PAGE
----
I’m not an anchor baby
August 30, 2010 · Print This Article
I’m the son of Mexican immigrants, but I ain’t no anchor baby.
My late father first migrated to the United States during the 1950s via the Bracero Program, in which more than 4.6 million rural Mexicans performed desperately needed agricultural work in this country. He worked long hours, six days a week, for little pay and under terrible conditions. Later, as a legal permanent resident, he performed factory work for decades at sub-minimum wage.
Meanwhile, my late mother originally came to this country during the 1960s, securing employment as a house cleaner for mostly white, middle-class families. Lacking formal education, like my father, she worked as a domestic worker for more than 40 years. This did not stop her, however, as a naturalized U.S. citizen, from seeking more clients in her twilight years.
Currently, U.S. politicians like Senate Minority Leader Mitch McConnell, R-Ky., and Sen. Lindsey Graham, R-S.C., are making a big fuss about the U.S.-born children of undocumented immigrants. They’re calling for a change in the 14th Amendment of the Constitution, which stipulates that all persons born in the United States are citizens. According to Graham, undocumented immigrants come to this country simply to “drop a child,” or what he pejoratively refers to “Drop and Leave.” While Republicans endlessly talk about “family values” and the sanctity of the unborn child, when it comes to Latino immigrants, they defame the family unit and attack brown children. They are consciously instilling fear in the American public by scapegoating Latinos (both documented and undocumented) in this country.
Let’s not forget that the controversial Arizona law, now held up in court, required police to stop anyone they suspected was here illegally – and that could mean all brown-skinned people.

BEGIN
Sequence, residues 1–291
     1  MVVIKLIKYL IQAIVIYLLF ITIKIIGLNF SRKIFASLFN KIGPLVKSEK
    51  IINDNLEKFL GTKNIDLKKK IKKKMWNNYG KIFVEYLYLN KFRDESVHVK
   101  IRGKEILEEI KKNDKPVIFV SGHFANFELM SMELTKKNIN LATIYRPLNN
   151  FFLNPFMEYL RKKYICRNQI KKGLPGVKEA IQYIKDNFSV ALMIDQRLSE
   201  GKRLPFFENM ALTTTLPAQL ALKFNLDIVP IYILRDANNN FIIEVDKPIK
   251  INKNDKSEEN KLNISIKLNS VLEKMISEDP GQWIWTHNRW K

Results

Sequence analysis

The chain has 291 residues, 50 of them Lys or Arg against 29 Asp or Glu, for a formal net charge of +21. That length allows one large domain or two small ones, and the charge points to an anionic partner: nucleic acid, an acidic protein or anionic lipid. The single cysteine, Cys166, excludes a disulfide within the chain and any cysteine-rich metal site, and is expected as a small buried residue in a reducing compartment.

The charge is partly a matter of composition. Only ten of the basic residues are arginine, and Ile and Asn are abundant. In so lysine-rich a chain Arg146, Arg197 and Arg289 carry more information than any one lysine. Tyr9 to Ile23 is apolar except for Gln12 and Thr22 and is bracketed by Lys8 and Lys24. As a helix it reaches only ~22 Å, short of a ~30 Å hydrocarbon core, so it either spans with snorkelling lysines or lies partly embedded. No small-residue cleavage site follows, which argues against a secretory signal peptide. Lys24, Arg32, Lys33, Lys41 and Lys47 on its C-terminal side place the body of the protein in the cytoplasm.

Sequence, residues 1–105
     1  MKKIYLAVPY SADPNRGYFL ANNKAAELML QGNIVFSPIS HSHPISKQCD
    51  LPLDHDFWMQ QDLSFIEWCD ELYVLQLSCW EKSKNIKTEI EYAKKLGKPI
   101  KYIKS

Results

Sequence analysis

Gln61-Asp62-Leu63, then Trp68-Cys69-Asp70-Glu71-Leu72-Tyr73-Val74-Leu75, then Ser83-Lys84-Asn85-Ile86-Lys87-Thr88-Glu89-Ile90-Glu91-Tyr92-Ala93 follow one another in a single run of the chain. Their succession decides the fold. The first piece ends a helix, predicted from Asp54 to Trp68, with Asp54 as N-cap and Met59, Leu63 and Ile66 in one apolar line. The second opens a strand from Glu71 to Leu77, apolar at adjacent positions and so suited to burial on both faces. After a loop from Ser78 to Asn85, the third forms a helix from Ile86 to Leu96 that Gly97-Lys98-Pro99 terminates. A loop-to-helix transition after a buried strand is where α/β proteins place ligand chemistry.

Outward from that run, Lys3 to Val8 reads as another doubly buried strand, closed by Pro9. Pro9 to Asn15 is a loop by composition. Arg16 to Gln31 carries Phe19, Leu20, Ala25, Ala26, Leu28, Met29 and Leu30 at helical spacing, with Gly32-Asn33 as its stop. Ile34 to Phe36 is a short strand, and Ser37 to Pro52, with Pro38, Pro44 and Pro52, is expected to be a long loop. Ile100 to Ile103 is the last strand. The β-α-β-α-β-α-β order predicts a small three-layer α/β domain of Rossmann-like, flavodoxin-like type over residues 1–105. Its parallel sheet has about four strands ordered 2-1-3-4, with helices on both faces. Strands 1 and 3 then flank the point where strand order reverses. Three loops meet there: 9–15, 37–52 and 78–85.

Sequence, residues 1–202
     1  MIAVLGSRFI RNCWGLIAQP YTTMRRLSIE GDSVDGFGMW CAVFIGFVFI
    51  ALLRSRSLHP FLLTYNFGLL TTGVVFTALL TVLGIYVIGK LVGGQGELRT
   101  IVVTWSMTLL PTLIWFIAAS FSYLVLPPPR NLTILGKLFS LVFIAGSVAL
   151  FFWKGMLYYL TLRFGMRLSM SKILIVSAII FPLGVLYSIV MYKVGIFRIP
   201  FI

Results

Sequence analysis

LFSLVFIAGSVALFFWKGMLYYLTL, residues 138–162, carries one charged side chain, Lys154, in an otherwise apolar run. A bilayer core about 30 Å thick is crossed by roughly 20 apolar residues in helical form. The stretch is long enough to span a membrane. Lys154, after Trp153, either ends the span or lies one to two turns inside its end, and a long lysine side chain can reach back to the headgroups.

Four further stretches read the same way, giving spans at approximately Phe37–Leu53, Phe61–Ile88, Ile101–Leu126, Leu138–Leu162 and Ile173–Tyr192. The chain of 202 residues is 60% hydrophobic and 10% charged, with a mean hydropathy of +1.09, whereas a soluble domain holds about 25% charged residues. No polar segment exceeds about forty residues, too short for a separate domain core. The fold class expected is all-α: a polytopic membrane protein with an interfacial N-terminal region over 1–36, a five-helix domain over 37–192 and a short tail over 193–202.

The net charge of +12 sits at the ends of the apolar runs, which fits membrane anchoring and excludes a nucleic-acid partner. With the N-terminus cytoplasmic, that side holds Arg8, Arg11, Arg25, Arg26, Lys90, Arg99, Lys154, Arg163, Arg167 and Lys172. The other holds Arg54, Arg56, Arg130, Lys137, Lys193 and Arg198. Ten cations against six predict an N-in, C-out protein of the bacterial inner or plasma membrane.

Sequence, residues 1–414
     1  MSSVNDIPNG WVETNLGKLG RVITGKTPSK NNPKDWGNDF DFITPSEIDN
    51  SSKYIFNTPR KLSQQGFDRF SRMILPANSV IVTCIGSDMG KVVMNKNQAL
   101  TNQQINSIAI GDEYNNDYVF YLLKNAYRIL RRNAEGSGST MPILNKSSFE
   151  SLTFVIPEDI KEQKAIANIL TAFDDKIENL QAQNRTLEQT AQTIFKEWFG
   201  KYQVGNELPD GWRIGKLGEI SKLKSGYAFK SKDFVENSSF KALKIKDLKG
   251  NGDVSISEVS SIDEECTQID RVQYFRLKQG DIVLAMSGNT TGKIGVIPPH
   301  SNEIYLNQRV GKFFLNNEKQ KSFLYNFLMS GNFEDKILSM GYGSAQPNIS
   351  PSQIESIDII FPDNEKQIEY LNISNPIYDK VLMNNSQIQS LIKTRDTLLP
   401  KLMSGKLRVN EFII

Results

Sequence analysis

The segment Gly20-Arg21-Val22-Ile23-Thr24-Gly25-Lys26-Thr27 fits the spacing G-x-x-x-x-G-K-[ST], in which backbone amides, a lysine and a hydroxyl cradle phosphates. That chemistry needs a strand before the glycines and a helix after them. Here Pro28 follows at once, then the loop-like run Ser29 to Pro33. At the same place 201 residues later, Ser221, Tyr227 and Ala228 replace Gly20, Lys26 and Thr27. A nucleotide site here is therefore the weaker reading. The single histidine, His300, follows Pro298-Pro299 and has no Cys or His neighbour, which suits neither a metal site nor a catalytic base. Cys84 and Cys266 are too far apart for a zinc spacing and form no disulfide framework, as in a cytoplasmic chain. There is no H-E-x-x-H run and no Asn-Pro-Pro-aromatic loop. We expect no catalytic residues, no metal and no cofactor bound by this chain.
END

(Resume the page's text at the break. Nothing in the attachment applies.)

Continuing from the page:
Responding to the anti-immigrant agenda, Senate Majority Leader Harry Reid, D-Nev., properly questioned how any person of Latino heritage could be a Republican. Reid should be applauded for calling out Latino Republicans for belonging to a political party that is hostile to them.
Instead of dealing with appalling unemployment figures, high home-foreclosure rates and lack of credit for small businesses, Republicans are targeting the most vulnerable population in this country: undocumented immigrants. By doing so, they are no different than schoolyard bullies. Didn’t they learn basic manners, such as treating others with respect and dignity? I certainly learned those lessons from my parents.
My parents taught my siblings and me to be good and generous to others. They also encouraged us to pursue higher education so that we don’t experience the same hardships they faced both in Mexico and this country.
My late parents came to this country to seek work and a better life for themselves and their family. They sacrificed themselves – toiling in backbreaking, low-wage, dead-end jobs – so their children could pursue better opportunities not available in their homeland.
Instead of praising them for their sacrifice and hard work, Republicans continue to bash and tarnish the memory of my parents and the millions of others like them in this country.
This is shameful.
Alvaro Huerta is a visiting scholar at UCLA’s Chicano Studies Research Center.